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Four American mercenaries employed by Blackwater Security Consulting were pulled from their vehicles in Fallujah, Iraq, hacked to death, burned, and dragged through the streets; the remains of two were then hung from a bridge over the Euphrates River along with a sign that said “Fallujah is the cemetery for Americans.”BBC“Despite an uptick in local engagements,” said General Mark Kimmit at a press briefing a few hours later, “the overall area of operations remains relatively stable with negligible impact on the coalition’s ability to continue progress in governance, economic development, and restoration of essential services.”New York TimesPresident George W. Bush attended a fund-raiser that night and made fun of Senator John Kerry; he did not mention the killings in Fallujah.New York TimesA Shiite militia known as the Mahdi Army rose up across Iraq in response to a call by Moktada al-Sadr, a militant cleric, to “terrorize your enemy.” Last week Sadr announced that he is “the beating arm for Hezbollah and Hamas here in Iraq.”New York TimesAttacks on occupation forces were averaging about 26 per day, and Bell Pottinger, the British PR firm, was hired to teach Iraqis about democracy.International Herald TribuneBush Administration officials were said to be disturbed that Caribbean countries have refused to recognize the U.S.-backed government in Haiti, and aReutersUnited Nations envoy said that peacekeepers might have to remain in Haiti for 20 years.New York TimesPresident Bush signed a law making it a crime to harm a fetus while committing another crime, andAssociated PressCanadian hunters were busy trying to club 350,000 helpless three-week-old baby harp seals to death.New York Times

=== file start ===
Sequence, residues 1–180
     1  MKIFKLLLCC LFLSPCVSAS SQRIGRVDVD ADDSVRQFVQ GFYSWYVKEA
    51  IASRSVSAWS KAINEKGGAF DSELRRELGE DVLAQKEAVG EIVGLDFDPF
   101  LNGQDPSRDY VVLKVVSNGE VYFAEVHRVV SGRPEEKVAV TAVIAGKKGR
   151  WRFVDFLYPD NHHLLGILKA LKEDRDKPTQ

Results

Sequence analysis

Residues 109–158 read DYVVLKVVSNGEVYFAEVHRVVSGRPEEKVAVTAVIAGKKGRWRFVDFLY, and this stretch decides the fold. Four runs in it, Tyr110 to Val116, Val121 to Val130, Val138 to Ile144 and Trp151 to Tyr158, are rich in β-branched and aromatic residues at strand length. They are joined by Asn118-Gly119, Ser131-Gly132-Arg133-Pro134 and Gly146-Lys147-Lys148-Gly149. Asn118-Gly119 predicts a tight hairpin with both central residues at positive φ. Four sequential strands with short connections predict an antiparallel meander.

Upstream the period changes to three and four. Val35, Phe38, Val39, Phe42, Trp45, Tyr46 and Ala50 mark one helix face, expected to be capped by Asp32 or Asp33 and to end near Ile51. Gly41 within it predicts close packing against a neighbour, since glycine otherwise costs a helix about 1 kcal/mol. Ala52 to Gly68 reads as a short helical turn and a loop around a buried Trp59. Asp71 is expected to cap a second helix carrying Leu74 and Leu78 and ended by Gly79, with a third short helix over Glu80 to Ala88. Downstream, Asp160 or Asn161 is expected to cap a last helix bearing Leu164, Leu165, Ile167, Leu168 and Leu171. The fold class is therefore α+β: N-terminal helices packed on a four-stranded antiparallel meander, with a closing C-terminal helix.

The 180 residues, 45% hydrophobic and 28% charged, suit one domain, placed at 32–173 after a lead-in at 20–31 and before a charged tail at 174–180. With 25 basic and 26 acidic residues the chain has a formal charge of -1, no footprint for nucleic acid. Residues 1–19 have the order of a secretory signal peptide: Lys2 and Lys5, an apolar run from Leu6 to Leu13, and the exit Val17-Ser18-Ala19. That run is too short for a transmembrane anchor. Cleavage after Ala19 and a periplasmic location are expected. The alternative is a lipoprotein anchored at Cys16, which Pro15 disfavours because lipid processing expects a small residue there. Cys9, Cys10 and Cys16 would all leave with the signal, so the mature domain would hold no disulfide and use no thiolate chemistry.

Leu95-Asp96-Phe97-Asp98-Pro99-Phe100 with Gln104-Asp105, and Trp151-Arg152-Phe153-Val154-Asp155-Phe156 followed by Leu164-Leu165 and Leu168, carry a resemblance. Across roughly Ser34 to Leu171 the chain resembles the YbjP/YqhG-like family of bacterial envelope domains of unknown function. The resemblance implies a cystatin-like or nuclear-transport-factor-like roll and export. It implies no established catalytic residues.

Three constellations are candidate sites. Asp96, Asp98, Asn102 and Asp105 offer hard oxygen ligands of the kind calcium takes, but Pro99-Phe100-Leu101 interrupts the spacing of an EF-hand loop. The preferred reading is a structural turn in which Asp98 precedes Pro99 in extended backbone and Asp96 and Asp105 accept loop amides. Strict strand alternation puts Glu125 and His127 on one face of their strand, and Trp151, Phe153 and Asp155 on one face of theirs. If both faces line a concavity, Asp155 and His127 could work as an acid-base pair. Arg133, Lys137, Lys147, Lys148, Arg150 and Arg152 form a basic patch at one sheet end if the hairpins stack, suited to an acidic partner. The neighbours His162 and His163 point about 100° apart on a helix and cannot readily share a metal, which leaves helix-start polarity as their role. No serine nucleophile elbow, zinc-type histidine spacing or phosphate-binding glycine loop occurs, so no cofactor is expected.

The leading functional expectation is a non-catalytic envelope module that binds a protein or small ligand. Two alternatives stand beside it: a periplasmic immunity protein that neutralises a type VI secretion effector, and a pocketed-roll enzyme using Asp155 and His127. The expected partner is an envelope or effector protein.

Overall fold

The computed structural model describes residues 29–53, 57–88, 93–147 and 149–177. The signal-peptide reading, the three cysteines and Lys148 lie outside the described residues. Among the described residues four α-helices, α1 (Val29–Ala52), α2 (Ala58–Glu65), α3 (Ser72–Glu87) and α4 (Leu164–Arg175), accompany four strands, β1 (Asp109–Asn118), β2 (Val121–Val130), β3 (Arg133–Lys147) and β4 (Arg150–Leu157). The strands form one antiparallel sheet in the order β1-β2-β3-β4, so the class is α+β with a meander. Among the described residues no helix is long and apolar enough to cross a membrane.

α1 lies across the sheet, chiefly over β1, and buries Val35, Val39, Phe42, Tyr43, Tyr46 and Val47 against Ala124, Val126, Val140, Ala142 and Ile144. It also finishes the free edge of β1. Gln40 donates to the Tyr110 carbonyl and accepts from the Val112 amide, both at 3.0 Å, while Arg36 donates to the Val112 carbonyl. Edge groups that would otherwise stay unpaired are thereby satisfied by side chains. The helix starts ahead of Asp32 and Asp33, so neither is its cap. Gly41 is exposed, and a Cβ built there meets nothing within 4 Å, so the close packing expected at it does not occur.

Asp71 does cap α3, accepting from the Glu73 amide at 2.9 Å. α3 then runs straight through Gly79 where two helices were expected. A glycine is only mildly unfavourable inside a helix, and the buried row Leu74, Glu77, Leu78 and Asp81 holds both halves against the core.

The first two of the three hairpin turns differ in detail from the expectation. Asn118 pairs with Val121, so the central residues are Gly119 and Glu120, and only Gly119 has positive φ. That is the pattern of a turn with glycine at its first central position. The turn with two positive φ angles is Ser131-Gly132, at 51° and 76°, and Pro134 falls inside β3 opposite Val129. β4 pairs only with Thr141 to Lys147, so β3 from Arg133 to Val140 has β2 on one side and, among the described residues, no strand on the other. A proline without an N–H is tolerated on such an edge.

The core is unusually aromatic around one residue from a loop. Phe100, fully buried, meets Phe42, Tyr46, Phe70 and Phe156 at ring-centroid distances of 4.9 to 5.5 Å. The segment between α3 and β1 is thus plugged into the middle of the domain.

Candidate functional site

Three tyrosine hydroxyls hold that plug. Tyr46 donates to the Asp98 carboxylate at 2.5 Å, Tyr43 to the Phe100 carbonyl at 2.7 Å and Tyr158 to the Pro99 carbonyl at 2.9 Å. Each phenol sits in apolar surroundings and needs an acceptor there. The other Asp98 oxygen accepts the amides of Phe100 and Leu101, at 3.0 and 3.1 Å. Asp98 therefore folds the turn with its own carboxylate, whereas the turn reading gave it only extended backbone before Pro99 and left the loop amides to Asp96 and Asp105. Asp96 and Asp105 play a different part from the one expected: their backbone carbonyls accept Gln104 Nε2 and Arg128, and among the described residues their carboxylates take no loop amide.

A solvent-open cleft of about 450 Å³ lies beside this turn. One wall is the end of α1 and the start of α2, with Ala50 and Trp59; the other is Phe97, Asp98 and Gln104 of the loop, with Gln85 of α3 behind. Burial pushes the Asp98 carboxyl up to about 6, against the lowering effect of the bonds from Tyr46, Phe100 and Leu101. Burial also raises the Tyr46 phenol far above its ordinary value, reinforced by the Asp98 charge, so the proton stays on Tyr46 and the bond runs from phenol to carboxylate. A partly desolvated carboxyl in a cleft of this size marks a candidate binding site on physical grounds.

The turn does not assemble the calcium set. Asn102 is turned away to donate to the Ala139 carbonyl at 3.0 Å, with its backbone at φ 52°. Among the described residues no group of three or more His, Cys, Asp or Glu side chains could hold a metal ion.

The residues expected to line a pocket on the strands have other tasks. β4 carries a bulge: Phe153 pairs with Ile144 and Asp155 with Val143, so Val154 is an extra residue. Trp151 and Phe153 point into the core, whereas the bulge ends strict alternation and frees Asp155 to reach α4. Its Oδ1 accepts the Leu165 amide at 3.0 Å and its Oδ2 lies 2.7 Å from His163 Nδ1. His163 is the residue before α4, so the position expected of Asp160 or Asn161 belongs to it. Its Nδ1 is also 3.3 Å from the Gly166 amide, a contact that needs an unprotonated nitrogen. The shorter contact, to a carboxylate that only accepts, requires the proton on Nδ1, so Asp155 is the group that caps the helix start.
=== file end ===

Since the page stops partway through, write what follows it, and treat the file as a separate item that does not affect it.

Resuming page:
The International Court of Justice ruled that U.S. courts must review the death sentences of 51 Mexican citizens whose rights under the 1963 Vienna Convention on Consular Relations were violated; although international treaties are “the supreme law of the land,” according to the U.S. Constitution, Governor Rick Perry declared that “the International Court of Justice does not have jurisdiction in Texas.”New York TimesGeorge Soros, the billionaire philanthropist, was splattered with mayonnaise by Ukrainian militants.GuardianFifty thousand protesters filled the streets of Katmandu, Nepal, demanding a restoration of democracy.Associated PressTaiwan’s opposition asked the country’s High Court to overturn the March 20 presidential election; the losing candidate, Lien Chan, has accused President Chen Shui-bian of election fraud and of staging his own shooting the day before the vote.Associated PressDozens of people died in a series of explosions and suicide attacks in Uzbekistan.New York TimesColin Powell admitted that the Iraqi National Congress, the U.S.-funded Iraqi exile group, was the source of “the most dramatic” bits in his notorious United Nations presentation on Iraq’s mythical weapons of mass destruction.Miami HeraldThe White House acknowledged that it has withheld three quarters of the 11,000 pages of Clinton Administration documents that were supposed to be handed over to the 9/11 commission; after an outcry, administration officials agreed to reconsider.ReutersPresident Bush backed down from his refusal to allow Condoleezza Rice to testify publicly under oath before the 9/11 commission, and aAssociated Pressformer FBI translator claimed that she could prove that the Bush Administration did in fact receive warnings in the spring and summer of 2001 that terrorists were planning to use aircraft to attack American cities.IndependentThe Treasury Department indicated that scholarly publications might be able to edit articles produced by evil countries such as Iran, Cuba, Libya, or North Korea without risking fines of up to $500,000 and ten years in prison.New York TimesRussia’s parliament agreed to amend a bill that would have banned almost all public demonstrations.New York TimesBudapest decided to revoke Joseph Stalin’s honorary citizenship, andAssociated PressSerbia’s parliament agreed to pay salaries and benefits to Slobodan Milosevic and other war criminals.Associated Press